The growth in world population is a driving force for nutrient recovery from wastewater. In the developed countries, most of the humans’ waste is treated in wastewater treatment plants (WWTP) and most of the nutrients are settled down in the waste activated sludge (WAS). That provides a renewable source of macronutrients (N, P, K) and micronutrients (Fe ,Mn ,Zn ,Mg), an essential input in intensive agriculture. Here, we examined the efficiency of the HTC technology, a thermochemical process that takes place in subcritical water at moderate temperatures (180–375°C) and high pressures (2–22 Mpa), to convert organic feedstock into a carbonaceous product called hydrochar . WAS from a municipal WWTP was treated under several hydrothermal conditions of time (30–120 min) and temperatures (200–300 °C). Mass balances for phosphorus, magnesium, calcium, copper and zinc showed high recovery values of above 80%, while those for iron and manganese were higher or equal to 94%. The recovery values of nitrogen, potassium and sodium were less than 50%, which can be related to their high solubility in the liquid phase of the HTC reaction. To conclude, this study demonstrates the potential of HTC to treat WAS and recover vital plant nutrients. Implementation of this technology in WWTPs may provide a solution to the increasing volumes of WAS and a new renewable source of vital nutrients that is required to address future challenges of food insecurity.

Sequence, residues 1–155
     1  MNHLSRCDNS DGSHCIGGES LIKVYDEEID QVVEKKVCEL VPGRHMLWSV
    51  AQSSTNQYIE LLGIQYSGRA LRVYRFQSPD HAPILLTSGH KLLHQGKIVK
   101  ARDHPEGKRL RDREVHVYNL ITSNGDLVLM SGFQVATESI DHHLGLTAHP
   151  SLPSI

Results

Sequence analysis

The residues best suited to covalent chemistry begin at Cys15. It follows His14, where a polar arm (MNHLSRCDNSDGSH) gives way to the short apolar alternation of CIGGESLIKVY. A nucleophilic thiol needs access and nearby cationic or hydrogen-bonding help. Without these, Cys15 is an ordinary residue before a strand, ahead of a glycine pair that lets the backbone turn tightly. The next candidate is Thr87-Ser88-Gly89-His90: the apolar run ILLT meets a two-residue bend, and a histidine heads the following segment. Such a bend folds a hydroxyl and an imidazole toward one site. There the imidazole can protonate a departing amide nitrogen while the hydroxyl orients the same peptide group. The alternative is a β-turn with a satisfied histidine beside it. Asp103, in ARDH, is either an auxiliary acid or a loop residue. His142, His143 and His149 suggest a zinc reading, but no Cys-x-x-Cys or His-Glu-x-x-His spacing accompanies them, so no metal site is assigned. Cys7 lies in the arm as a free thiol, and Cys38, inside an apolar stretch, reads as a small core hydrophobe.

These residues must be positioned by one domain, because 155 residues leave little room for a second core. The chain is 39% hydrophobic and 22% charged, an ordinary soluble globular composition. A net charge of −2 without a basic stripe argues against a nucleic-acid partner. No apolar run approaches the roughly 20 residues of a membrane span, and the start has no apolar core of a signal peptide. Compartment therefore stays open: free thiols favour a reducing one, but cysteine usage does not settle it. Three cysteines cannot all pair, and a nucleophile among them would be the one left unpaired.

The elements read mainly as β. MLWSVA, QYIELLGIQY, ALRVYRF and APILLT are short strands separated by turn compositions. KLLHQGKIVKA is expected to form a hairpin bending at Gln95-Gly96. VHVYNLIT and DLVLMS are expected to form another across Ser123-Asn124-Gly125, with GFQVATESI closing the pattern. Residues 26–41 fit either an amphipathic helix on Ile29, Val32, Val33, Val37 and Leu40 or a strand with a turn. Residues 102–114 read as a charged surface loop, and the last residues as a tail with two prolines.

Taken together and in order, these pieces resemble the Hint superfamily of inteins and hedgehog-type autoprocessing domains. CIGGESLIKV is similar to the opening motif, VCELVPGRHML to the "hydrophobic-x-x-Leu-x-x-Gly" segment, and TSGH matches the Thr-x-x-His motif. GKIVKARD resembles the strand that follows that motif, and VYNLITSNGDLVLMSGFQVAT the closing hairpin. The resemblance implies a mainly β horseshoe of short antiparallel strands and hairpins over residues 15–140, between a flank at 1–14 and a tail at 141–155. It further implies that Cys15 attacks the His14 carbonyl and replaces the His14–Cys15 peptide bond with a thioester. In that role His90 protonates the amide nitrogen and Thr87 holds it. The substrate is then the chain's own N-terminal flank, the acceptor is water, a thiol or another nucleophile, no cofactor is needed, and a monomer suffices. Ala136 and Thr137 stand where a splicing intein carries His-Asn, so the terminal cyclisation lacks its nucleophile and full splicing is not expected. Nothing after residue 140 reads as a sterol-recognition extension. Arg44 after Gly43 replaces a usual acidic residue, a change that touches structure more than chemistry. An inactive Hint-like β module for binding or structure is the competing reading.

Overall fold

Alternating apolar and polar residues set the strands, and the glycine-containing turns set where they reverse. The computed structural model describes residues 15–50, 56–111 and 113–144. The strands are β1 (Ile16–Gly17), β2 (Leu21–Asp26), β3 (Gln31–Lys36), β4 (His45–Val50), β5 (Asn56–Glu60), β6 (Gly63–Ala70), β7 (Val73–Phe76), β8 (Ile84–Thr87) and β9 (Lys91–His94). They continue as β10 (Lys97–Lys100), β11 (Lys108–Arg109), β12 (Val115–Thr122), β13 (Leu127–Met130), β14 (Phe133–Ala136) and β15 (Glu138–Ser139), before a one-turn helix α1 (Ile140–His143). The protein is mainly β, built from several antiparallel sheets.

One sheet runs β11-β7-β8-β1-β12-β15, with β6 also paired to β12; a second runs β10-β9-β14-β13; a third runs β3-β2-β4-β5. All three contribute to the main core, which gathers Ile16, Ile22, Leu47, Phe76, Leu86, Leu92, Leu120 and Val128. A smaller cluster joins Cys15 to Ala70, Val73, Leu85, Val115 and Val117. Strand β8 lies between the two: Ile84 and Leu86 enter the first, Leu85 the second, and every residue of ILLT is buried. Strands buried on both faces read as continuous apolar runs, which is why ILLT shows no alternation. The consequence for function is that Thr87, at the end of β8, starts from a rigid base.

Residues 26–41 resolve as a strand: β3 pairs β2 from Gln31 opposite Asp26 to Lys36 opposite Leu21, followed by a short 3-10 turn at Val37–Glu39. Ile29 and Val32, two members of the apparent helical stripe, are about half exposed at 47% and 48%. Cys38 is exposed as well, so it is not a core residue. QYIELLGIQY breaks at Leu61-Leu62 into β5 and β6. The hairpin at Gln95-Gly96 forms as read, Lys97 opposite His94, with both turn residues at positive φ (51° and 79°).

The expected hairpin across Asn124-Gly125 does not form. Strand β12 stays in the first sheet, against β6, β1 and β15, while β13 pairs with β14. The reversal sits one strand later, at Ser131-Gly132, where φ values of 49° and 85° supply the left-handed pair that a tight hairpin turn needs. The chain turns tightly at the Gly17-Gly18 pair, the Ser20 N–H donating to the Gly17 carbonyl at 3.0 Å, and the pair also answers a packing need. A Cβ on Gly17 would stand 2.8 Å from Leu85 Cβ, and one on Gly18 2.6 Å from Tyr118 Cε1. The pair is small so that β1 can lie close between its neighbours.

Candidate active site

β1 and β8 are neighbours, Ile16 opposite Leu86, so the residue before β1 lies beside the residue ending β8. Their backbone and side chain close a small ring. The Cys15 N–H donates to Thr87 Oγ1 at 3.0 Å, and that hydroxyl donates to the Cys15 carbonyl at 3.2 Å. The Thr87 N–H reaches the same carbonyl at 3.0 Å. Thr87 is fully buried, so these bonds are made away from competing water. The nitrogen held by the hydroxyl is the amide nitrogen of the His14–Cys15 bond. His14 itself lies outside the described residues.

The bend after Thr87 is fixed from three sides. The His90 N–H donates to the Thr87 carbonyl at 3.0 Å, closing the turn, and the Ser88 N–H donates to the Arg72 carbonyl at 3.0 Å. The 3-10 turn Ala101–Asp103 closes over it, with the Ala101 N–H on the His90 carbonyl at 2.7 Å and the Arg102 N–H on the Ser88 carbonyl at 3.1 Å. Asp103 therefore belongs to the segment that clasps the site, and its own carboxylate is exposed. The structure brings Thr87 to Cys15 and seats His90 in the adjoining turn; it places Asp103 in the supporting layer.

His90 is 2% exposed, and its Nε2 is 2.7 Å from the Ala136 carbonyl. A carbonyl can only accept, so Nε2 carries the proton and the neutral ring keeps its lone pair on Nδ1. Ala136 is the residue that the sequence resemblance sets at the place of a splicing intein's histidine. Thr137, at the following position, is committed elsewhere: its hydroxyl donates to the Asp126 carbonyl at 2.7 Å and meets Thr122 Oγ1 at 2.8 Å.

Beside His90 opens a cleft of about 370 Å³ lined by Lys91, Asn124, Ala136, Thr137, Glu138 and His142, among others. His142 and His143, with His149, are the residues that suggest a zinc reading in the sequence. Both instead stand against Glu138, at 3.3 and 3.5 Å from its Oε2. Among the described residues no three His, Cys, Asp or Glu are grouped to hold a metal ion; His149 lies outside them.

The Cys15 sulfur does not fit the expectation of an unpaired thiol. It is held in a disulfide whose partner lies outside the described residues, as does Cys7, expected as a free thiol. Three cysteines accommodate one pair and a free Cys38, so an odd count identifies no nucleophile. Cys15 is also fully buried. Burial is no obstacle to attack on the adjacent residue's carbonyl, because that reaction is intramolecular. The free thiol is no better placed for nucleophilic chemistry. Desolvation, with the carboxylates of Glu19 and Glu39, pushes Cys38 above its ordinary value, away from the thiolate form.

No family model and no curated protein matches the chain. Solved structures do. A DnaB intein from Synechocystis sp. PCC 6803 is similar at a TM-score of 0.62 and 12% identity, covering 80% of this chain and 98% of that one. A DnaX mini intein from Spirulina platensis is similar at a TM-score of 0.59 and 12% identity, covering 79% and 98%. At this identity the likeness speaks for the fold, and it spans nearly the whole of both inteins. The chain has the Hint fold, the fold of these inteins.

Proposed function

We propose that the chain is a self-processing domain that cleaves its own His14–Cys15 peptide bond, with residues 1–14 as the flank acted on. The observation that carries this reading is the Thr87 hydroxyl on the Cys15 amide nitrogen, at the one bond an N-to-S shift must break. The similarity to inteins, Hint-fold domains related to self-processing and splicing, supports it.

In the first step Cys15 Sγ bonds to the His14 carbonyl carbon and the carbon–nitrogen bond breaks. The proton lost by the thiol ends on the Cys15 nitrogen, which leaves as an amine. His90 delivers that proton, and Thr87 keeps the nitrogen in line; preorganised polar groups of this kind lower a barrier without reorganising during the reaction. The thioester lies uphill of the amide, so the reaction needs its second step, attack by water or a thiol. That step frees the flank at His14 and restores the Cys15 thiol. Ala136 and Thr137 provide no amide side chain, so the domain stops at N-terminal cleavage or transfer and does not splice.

Mr. Osama Khoury
Hydrothermal Carbonization of Waste Activated Sludge: A New Technology to Recover Nutrients and Address Food Insecurity
Volcani Institute, Agricultural Research Organization, Israel